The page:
41 Indigenous people from across Wiradjuri country, asking about their cultural background and knowledge. These interviews touched on the Stolen Generations, dispossession and relocation to missions and reserves; the impacts of government policies; and how contemporary policies define Indigenous people today. “My Dad was a stolen child so we never knew where he came from. My Mum had two children taken from her at birth so I have two elder siblings I have never met. “This experience provides an impetus for a person to understand who they are first of all and then to go out and try to corroborate what you have in your own mind and your own heart. “I went out and spoke with Wiradjuri people of different ages and sexes to get their perspective on the history of this country, to get their thoughts, ideas, opinions and aspirations. “We are often seen by the broader community as being so far assimilated into non-Indigenous society that our cultures no longer exist or are no longer valid. “My PhD was designed around two things – to provide an avenue where Wiradjuri peoples could have a voice and to show the broader Australian community that we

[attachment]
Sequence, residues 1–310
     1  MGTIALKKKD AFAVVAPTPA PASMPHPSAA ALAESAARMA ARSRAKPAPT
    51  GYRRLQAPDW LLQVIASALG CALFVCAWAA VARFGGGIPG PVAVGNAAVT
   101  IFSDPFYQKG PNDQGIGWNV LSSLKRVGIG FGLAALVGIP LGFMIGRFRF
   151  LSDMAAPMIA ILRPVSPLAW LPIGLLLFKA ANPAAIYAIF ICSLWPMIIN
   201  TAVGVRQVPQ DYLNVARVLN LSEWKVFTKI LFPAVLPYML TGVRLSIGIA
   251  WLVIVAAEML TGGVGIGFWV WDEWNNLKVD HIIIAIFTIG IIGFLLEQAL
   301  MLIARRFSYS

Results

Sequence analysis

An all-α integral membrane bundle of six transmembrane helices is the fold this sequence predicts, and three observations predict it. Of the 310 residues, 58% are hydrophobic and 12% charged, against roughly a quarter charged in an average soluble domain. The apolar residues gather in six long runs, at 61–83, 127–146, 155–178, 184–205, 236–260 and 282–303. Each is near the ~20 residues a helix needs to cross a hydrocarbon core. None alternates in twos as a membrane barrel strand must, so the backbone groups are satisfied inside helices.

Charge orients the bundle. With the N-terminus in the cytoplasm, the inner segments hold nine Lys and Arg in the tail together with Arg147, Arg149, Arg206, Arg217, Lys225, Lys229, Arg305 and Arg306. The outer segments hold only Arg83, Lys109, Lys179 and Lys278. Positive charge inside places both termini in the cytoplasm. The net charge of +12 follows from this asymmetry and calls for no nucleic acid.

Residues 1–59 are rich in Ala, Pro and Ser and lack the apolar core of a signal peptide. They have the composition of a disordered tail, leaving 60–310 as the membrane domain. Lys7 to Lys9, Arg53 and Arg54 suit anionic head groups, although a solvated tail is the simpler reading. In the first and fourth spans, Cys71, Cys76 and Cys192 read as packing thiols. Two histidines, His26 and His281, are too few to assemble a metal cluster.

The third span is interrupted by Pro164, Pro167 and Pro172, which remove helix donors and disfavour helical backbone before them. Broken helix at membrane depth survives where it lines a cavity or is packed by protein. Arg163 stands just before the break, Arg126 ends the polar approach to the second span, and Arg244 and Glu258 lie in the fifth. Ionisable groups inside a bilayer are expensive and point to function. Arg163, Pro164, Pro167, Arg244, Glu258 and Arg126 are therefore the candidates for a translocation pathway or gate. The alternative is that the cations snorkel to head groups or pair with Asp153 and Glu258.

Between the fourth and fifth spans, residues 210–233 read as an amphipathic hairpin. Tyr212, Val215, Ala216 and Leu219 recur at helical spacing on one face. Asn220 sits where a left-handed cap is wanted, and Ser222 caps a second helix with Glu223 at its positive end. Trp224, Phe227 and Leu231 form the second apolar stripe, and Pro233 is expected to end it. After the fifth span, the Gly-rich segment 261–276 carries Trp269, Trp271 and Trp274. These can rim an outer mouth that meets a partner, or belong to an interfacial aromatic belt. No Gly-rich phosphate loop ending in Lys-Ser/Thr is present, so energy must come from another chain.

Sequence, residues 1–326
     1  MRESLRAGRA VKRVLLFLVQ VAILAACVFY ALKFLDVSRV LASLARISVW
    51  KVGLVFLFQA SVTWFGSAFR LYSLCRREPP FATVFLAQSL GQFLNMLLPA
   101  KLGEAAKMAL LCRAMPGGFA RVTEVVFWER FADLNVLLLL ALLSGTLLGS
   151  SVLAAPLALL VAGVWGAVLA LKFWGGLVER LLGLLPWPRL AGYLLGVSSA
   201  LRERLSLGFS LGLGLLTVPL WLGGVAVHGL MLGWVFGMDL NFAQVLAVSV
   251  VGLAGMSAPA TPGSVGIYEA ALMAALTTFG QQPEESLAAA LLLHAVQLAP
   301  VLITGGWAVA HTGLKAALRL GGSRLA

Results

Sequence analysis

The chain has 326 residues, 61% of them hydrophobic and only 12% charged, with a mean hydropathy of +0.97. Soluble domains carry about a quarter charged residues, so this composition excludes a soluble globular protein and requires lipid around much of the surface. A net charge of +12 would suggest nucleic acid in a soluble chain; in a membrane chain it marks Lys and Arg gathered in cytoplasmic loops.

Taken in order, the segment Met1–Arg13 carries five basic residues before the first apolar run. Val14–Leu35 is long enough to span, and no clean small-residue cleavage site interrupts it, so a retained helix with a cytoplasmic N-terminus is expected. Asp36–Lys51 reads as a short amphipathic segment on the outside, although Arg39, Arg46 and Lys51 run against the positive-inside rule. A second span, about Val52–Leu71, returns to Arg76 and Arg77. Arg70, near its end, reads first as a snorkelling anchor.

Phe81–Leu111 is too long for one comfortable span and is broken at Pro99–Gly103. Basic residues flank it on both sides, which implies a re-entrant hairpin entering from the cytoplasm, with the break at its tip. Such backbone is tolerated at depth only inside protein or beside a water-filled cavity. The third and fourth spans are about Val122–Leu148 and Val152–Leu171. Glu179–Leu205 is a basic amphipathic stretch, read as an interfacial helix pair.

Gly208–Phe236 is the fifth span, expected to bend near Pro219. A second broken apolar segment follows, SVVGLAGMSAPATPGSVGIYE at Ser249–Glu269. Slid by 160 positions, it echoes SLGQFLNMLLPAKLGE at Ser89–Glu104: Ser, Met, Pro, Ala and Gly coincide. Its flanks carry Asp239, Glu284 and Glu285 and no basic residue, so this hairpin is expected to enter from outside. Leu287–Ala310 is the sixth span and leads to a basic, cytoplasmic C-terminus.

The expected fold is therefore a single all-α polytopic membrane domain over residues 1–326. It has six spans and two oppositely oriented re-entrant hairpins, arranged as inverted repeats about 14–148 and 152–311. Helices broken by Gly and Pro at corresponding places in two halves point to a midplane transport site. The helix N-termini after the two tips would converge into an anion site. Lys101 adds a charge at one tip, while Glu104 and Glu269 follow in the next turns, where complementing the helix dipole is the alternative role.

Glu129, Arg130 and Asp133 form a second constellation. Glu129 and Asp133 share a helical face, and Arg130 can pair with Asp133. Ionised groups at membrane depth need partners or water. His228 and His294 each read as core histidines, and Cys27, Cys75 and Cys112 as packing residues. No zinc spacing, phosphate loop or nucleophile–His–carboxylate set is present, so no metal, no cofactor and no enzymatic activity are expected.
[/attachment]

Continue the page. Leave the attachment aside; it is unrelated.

are still here, that we haven’t gone away and we are just as valid now as we were 120,000 years ago. “In order to understand where people are today you need to be able to understand where they were in the past.”
Planting the seed
Yalmambirra is now turning his research into a text, which he hopes will help students better understand our history and Wiradjuri culture. “I think it is important that the voices of those 41 Wiradjuri people that I interviewed are taken into consideration when these students read the published historical narratives of Indigenous peoples and culture. “I think all of those resources that I used for my research are very important because they portray an Australia that is out of line with First Nations’ peoples. “People need to read those books to put what we say into perspective. It’s up to people to make up their own mind. We plant little seeds and how they nurture those seeds is entirely up to them.” Dr Yalmambirra was awarded his PhD titled ‘Indigenous Cultures in Contemporary Australia: A Wiradjuri Case Study’ in December 2015.
CHARLES STURT UNIVERSITY ALUMNI